Market failure is the allocation of either goods or services that are not economically efficient. By redistributing these resources, at least one individual can yield some sort of economic gain without negatively impacting an alternative party.
Imperfect Information is one of these market failures. This is when a dissimilarity of information exists between two parties in a transaction; usually between a vendor and consumer, resulting in welfare losses. Governments can directly address, or discourage participation with, imperfect information, through various state interventions. “The Market for Lemons: Quality Uncertainty and the Market Mechanism” (Akerlof, 1970) explains the issues presented resulting from imperfect information.
Imagine a second-hand car market whereby sellers have information in their car. When buyers come to this market, they are happy to pay up to the true value of the car. However, they only have the price to make a decision. This is an example of asymmetric information.
We assume sellers are content to vend the cars for more than half their true value. If there was perfect information, the transaction between the two parties would result in all the cars being sold somewhere between the true value, and half the true value; a mutually beneficial outcome. However, the buyers only know the information of the cars sold on the previous day which poses an issue. The buyers are only willing to spend up to the average price of the cars on the day before since they are unaware of the current quality of cars for that day. Assuming the most expensive car’s average price is exactly the average price of the cars sold on the day before, no one is willing to buy it and subsequently, it is removed from the market. As the days pass, the top end of the market is eliminated and so the average price continues to decrease. Eventually the market is reduced to just bad cars, referred to as lemons.
This process is referred to as adverse selection; when selection of the market is dictated from the previous period or information. Adverse selection occurs within insurance markets; as a result of hidden attributes. When insurance companies are setting a premium for, say car insurance, the quote is generated by information provided by the driver. These include model of the car, location, age etc.
However, certain attributes of the driver cannot quantifiably be obtain, such as how risky the drive is. This asymmetrical information means that for insurance companies, to make a profit, will increase premiums. This prices safer drivers out of the market who would, with perfect information, have a low price of insurance. This is a missing market; only missing due to the lack of perfect and verifiable information (Stevens, 2017). In an attempt to tackle this, insurance companies, categorise bands of age, with younger drivers being assumed to be more dangerous. This leaves the safer, older drivers with lower premiums. Issues are still present within the younger group however, where both sides of the extreme occur regarding driver characteristics. To further combat the information disparity, telematics technology is offered by many insurers.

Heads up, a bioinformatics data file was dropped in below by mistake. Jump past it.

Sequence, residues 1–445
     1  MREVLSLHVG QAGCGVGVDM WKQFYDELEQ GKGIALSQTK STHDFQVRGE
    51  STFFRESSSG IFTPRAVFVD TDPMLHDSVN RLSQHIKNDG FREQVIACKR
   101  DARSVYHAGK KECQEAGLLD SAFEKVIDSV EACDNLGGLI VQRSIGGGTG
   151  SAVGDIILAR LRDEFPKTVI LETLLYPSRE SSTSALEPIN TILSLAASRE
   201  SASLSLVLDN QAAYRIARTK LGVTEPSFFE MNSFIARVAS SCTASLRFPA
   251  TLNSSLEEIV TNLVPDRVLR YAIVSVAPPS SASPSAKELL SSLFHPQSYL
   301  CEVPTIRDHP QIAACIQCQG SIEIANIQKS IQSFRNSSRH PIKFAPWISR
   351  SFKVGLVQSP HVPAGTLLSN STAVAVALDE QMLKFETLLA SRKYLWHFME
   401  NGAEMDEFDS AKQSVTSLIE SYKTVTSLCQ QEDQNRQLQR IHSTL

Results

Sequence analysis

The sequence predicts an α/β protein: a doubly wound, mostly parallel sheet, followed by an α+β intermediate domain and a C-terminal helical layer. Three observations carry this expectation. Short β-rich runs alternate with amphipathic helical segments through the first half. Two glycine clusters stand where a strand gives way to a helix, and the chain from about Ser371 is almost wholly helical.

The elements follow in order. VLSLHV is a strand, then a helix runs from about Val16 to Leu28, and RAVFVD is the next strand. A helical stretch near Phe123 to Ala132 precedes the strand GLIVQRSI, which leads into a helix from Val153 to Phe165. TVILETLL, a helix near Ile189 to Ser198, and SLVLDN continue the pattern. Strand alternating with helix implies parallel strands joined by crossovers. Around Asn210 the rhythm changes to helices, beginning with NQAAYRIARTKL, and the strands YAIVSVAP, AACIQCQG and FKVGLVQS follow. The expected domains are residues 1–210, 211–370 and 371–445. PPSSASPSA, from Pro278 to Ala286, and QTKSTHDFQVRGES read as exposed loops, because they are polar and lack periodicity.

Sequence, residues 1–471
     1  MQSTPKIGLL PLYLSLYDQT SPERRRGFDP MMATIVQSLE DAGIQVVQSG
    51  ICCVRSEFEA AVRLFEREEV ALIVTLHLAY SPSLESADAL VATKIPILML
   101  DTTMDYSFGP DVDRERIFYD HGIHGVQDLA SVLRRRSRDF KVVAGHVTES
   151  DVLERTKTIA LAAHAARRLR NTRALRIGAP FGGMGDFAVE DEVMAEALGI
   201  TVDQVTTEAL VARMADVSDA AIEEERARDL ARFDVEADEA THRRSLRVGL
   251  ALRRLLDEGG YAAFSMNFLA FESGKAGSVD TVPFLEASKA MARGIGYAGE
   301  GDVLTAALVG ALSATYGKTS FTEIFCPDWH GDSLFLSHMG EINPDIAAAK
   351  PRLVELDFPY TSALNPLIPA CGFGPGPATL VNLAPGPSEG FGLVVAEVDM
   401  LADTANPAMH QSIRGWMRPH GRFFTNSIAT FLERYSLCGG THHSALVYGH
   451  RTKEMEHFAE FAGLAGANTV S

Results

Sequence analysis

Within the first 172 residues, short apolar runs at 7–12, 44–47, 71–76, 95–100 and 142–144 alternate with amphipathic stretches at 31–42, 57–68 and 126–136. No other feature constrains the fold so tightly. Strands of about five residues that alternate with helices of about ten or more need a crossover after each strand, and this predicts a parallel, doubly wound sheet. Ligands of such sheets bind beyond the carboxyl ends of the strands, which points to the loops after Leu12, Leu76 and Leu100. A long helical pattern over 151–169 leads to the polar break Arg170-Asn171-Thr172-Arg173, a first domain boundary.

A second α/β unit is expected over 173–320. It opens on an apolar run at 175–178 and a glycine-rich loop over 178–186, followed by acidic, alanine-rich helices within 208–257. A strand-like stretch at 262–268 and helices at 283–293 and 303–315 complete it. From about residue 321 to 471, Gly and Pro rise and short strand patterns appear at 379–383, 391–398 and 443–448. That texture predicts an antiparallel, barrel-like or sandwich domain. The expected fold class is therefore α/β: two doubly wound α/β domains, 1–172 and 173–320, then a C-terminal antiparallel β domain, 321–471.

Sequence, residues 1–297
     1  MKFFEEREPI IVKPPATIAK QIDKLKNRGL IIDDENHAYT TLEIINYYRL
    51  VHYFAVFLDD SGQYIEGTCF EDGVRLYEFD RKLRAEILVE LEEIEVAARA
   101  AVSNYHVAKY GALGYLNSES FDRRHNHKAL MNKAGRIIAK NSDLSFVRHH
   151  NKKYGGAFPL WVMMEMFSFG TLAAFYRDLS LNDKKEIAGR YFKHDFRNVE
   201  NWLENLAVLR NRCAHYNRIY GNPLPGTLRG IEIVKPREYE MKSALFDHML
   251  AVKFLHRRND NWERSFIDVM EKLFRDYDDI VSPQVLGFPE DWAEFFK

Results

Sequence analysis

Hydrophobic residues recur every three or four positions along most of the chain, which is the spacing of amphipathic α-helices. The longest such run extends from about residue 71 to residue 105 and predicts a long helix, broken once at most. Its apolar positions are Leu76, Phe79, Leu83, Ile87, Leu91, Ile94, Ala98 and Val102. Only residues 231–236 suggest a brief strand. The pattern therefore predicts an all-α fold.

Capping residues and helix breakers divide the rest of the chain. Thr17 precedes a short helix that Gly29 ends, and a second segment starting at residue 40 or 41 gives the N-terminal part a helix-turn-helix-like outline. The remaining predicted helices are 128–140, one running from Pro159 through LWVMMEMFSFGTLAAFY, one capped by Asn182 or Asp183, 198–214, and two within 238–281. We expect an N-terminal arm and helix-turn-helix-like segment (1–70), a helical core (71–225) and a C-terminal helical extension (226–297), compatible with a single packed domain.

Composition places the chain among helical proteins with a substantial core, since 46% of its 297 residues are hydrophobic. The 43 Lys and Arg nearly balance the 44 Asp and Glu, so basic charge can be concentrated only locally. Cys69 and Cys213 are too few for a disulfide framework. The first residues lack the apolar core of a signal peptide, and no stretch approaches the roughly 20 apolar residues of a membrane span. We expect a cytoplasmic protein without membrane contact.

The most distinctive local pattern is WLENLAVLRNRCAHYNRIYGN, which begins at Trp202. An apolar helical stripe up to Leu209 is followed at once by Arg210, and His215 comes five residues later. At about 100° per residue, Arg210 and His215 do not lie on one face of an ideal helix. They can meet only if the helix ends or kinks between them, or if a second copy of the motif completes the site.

This black box allows the company to take a bayesian approach; where companies individually consider a period using information based on the previous one. In this case, driving style of the individual is tracked on a month-on-month basis, varying the premium to better reflect driving ability. Currently, the decision for telematics lies with the consumer, and so the market failure still exists. Governments could implement a law stating that all drivers in this category must have a telematics device fitted. Thus, this blanket policy would cause the entire group to have a personalised premium, which would allow the safer drivers to get a lower price.
Another issue that could be tackled by government intervention is when bad drivers with a telematics device transfers insurance companies, in order to clear their poor driving records. If the government were to introduce database that collates all data from drivers, and this information was available to insurance companies, they could immediately give a more accurate insurance quote, as they would have the information on the driver characteristics of the individual. Conversely, in certain markets, It has been argued that categorisation does not work (Hoy, 1984), perhaps where the categorisation is based on the information provided by the other party. The senders’ information may be of misleading quality or inaccurate to the receiver, as the incentives of the two parties are not coherent (Fischer et al., 2001).